In our gadget-obsessed world, technology has grown from a convenient amenity to an essential element of every hotel's design and services. The challenge is to blend high-tech with high-touch - namely, to use cutting-edge science in a meaningful and memorable way that enhances every guest visit. Let's look at nine ways you can meet that challenge, attract more guests, and justify higher room rates. Most of these are relatively easy and economical to consider for either new construction or renovation, although a few are more exotic, more expensive, and require considerable advance planning. Read on...

Kalen Willis

Hotel renovation is on the rise. There are many reasons, but chief among them are that brands are issuing Property Improvement Plans (PIPs) for properties that have recently been neglected. That banks are acting to enhance the value of assets they have foreclosed on. That owners of older hotels are trying to stay competitive with newer properties. And that in today's economic climate, financing is easier for a new look than for new construction. While the end result of a renovation is almost always satisfying, getting the project done can be hard on a hotel - fiscally and physically. So how can you manage the challenge in a way that minimizes the strain on your budget, your staff, and your guests? Read on...

Amy Locke

FF&E design can be a challenge, but we suggest that you focus on five high-impact areas: the lobby, technology, beds and bedding, case goods, and lighting. Our tips provide priorities that should make your job easier - and they certainly will create a hotel that impresses your guests. So if you're looking for a more perfect FF&E design experience, start here! Read on...

Amy Locke

The typical hotel room requires about 175 to 200 yards of fabric to drape, decorate, and upholster. Plus there is fabric for the lobby and other public areas. Sometimes you want fabric to play a starring role in creating a "wow" factor, while sometimes you want fabric to be a more subtle bit player in your design scheme. So how do you choose the right fabric for the right application? My column examines the most common fabric types used in the hospitality industry, plus the six most important factors to consider when selecting fabrics - texture, color, pattern, purpose, fire retardation, and clean-ability. Read on...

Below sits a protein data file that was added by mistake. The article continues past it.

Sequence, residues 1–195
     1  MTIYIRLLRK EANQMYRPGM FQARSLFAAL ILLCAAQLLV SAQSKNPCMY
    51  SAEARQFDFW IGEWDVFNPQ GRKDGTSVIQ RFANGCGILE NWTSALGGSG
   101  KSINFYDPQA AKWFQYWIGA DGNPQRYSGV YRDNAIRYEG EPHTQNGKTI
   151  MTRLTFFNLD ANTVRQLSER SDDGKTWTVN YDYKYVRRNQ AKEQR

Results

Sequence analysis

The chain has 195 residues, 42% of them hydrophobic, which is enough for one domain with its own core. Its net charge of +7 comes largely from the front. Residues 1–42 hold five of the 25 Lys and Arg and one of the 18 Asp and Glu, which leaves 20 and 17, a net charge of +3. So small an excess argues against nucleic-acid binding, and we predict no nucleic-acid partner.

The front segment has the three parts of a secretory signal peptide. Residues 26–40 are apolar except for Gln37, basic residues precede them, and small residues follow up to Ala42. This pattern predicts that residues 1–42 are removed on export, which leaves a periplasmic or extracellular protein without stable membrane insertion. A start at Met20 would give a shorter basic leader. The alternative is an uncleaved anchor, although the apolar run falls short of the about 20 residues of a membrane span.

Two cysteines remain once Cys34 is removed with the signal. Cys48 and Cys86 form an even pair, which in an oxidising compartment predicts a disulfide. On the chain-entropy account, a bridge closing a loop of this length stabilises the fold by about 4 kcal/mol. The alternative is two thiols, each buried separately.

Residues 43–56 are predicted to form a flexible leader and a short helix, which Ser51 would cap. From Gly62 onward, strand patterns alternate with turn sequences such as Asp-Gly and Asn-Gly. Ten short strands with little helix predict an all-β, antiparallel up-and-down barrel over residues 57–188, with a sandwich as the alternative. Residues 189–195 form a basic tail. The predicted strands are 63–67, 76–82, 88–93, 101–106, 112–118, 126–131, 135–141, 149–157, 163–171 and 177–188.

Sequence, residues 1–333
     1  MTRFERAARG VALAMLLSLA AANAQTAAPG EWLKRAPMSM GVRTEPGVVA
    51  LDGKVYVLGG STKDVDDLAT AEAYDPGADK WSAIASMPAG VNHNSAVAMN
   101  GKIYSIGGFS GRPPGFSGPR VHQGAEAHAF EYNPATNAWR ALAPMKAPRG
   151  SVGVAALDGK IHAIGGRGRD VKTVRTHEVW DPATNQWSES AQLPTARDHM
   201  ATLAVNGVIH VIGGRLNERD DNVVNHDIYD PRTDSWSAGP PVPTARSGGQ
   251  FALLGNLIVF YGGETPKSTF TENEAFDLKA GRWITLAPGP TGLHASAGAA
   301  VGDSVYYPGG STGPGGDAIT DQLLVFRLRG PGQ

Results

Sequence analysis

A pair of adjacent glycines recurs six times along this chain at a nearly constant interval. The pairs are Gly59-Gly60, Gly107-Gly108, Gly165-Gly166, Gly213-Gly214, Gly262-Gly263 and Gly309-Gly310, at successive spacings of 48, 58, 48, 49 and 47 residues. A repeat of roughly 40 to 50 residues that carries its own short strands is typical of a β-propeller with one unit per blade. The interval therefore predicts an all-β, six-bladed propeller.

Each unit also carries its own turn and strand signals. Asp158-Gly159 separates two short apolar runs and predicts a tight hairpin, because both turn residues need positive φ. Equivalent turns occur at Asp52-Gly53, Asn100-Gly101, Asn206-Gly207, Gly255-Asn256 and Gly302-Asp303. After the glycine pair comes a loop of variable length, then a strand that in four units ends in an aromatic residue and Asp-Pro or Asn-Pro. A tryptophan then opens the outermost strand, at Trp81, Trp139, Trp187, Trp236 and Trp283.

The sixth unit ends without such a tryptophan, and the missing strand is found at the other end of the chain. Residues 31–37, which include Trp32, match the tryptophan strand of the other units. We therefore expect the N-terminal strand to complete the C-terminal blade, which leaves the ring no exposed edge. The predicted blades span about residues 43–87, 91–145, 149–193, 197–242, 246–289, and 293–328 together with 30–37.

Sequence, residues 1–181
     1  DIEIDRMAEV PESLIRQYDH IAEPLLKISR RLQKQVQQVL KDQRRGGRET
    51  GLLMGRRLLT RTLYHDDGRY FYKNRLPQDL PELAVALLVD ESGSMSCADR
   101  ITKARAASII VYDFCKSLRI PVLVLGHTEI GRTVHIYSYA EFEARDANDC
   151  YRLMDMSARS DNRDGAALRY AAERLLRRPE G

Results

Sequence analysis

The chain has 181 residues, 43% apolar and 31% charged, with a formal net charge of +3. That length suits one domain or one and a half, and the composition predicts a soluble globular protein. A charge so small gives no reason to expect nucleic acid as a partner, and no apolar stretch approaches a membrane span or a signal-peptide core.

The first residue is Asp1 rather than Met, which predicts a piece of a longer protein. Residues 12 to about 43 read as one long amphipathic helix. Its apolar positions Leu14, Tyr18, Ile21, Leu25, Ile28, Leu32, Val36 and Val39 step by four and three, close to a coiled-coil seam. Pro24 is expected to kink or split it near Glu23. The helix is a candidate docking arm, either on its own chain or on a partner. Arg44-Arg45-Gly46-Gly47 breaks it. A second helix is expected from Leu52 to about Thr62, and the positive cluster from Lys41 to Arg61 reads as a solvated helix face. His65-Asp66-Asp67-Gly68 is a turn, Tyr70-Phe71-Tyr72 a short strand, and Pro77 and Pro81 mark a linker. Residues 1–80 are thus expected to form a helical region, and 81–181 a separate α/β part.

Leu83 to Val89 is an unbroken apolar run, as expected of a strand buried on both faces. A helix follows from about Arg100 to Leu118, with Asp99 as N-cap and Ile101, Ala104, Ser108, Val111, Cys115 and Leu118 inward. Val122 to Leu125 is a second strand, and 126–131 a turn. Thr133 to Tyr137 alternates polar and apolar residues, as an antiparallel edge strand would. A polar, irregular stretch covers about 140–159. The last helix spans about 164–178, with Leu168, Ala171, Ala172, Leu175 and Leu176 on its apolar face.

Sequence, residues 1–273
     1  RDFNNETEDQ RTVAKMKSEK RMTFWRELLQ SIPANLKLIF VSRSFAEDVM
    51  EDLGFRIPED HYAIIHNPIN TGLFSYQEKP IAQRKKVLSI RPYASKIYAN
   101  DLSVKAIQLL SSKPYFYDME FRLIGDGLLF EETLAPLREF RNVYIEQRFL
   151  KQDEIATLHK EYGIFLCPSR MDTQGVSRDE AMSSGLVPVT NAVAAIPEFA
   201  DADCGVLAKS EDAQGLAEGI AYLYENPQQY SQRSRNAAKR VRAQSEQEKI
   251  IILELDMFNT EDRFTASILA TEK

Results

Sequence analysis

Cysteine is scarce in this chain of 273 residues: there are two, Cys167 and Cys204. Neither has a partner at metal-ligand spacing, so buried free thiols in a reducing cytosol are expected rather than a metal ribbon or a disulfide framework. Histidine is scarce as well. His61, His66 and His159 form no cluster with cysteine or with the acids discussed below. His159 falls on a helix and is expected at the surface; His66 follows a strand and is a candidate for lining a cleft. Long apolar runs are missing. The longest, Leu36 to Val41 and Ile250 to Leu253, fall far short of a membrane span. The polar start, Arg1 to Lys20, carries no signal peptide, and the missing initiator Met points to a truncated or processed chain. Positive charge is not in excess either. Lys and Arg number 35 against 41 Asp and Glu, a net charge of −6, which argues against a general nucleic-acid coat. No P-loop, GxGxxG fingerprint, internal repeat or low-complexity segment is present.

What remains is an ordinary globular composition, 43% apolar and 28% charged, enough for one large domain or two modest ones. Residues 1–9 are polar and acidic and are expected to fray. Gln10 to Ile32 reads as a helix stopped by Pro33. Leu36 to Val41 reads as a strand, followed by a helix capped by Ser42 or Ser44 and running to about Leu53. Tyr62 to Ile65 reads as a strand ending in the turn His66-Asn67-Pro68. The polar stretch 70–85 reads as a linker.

Amy Locke

Until a hotel is properly furnished, it's only an empty building. Responsible purchasing - guided by the designer's creativity, the owner's preferences, and the franchisers standards - brings a property alive and gives it soul. But how should you select your purchasing partner? And how can you be sure to get the quality products you demand, the 'within budget' costs you require, and the follow-up service you expect? This article provides some suggestions for finding a firm you can trust - and that can help you avoid purchasing mistakes which can be expensive, time-consuming, embarrassing, and perhaps even have legal implications. Read on...

Amy Locke

Hoteliers are always looking for those little touches that can make a big difference, for their guests and for their bottom line. My article this month suggests how some answers can be found through creative attention to art and accessories. We know that when a hotel looks special, guests feel special - so I offer ideas that can transform a nice hotel into a breath-taking hotel. Ideas that combine an uptown look with a down-home feel. Ideas that make your rooms anything but square. Many of my suggestions are easy to implement, all are easy on the eyes. Read on...

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Coming up in March 2019...

Human Resources: An Era of Transition

Traditionally, the human resource department administers five key areas within a hotel operation - compliance, compensation and benefits, organizational dynamics, selection and retention, and training and development. However, HR professionals are also presently involved in culture-building activities, as well as implementing new employee on-boarding practices and engagement initiatives. As a result, HR professionals have been elevated to senior leadership status, creating value and profit within their organization. Still, they continue to face some intractable issues, including a shrinking talent pool and the need to recruit top-notch employees who are empowered to provide outstanding customer service. In order to attract top-tier talent, one option is to take advantage of recruitment opportunities offered through colleges and universities, especially if they have a hospitality major. This pool of prospective employees is likely to be better educated and more enthusiastic than walk-in hires. Also, once hired, there could be additional training and development opportunities that stem from an association with a college or university. Continuing education courses, business conferences, seminars and online instruction - all can be a valuable source of employee development opportunities. In addition to meeting recruitment demands in the present, HR professionals must also be forward-thinking, anticipating the skills that will be needed in the future to meet guest expectations. One such skill that is becoming increasingly valued is “resilience”, the ability to “go with the flow” and not become overwhelmed by the disruptive influences  of change and reinvention. In an era of transition—new technologies, expanding markets, consolidation of brands and businesses, and modifications in people's values and lifestyles - the capacity to remain flexible, nimble and resilient is a valuable skill to possess. The March Hotel Business Review will examine some of the strategies that HR professionals are employing to ensure that their hotel operations continue to thrive.